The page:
How to add a WordPress user directly to the database

wordpress-iconSometimes you may want to add a new user to your WordPress site without accessing the admin interface. Here’s how we do that.

We need the following ingredients:

  • MySQL access details (host, username, password, database name – you can extract this from wp-config.php)
  • phpMyAdmin (or equivalent database management tool, such as Sequel Pro)

Let’s get started!

wp_users

The first thing we need to do is insert a new row into the wp_users table of your database. You should see a list of existing users with some funky looking hash values next to them, a bit lille this:

Screen Shot 2013-11-12 at 10.10.45

The next screen will let you enter values for each column. We don’t need all of them, just the following:

  • user_login (the new username, such as “newuser” – so spaces or funky characters)
  • user_pass (the password for said user; once selected, pick MD5 from the very long drop down)
  • user_registered (pick a date from the date picker, such as today)

You don’t need to set the ID as it will be created automatically. No other values are necessary here, they will be blank when you later have a look at this user’s profile in WordPress where you can add them at your own leisure.

Once inserted, take a look at the numeric user ID the database has given your new user. Mine is 3, but yours will be different. Remember it before moving on to the next step.

Screen Shot 2013-11-12 at 10.22.57

wp_usermeta

Next we need to add two rows to the wp_usermeta table. Select it and hit insert. Here’s what to enter the first time round:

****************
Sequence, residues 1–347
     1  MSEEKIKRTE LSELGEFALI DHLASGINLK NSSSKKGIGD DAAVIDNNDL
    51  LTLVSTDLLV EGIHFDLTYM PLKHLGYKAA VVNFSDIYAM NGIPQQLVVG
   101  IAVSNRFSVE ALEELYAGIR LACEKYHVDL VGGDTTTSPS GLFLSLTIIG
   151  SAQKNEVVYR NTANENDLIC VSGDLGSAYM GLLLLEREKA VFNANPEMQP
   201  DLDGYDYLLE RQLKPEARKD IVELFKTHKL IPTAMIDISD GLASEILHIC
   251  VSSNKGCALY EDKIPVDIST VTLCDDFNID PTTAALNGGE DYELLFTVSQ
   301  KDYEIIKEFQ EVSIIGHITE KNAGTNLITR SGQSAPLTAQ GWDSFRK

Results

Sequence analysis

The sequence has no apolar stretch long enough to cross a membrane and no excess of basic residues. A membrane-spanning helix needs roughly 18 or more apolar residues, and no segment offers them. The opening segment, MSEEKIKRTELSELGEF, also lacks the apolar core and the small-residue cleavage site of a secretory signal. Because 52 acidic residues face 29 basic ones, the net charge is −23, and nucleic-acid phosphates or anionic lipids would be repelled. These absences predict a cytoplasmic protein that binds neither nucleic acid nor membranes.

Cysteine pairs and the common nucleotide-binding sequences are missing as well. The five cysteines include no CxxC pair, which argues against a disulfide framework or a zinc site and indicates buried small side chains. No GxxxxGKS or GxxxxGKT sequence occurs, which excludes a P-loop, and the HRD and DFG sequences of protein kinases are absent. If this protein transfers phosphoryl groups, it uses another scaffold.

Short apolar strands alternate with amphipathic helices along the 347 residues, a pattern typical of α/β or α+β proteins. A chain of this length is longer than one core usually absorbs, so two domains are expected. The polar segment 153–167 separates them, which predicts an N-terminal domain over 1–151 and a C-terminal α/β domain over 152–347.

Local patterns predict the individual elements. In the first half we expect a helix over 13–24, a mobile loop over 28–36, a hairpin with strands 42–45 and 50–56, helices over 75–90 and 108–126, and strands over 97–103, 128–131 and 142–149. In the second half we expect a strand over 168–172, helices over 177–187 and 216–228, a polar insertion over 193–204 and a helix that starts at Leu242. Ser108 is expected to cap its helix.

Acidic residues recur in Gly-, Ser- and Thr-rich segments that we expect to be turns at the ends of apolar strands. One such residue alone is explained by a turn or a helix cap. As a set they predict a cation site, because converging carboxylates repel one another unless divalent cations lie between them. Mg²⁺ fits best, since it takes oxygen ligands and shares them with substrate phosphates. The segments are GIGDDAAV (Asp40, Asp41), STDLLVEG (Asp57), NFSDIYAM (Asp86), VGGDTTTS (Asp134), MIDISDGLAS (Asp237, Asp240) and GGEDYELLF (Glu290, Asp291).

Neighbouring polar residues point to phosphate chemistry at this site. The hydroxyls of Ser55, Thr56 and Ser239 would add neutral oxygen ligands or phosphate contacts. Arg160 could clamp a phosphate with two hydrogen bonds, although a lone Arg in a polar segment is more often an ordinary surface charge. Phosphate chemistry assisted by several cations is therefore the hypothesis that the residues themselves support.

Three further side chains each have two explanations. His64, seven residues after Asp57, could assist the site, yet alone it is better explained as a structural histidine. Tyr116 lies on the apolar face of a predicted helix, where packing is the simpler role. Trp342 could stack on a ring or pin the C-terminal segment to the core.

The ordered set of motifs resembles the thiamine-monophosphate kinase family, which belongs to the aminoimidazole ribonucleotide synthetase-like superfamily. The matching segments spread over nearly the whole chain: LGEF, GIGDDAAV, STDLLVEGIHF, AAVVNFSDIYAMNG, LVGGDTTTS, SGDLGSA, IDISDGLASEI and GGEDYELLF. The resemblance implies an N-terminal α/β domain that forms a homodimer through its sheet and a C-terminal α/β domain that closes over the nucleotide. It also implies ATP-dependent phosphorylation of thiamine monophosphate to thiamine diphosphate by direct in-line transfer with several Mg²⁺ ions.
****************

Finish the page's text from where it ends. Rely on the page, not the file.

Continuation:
• user_id (the numeric user ID of what you’ve just created)
  • meta_key (needs to be “wp_capabilities”)
  • meta_value (needs to be exactly “a:1:{s:13:”administrator”;b:1;}”)

For the second row, repeat the above with the following values:

  • user_id (same user ID as above, from the user you created earlier)
  • meta_key (needs to be exactly “wp_user_level”)
  • meta_value (needs to be 10)

Leave the umeta_id blank as it will be created automatically. The exact values above are the ones within the double quotes, but without the double quotes.

Once inserted you should be able to login with your new user and password.

Have fun 😉





Jay is the CEO and founder of WP Hosting, a boutique style managed WordPress hosting and support service. He has been working with Plesk since version 9 and is a qualified Parallels Automation Professional. In his spare time he likes to develop iOS apps and WordPress plugins, or draw on tablet devices. He blogs about his coding journey at http://wpguru.co.uk and http://pinkstone.co.uk.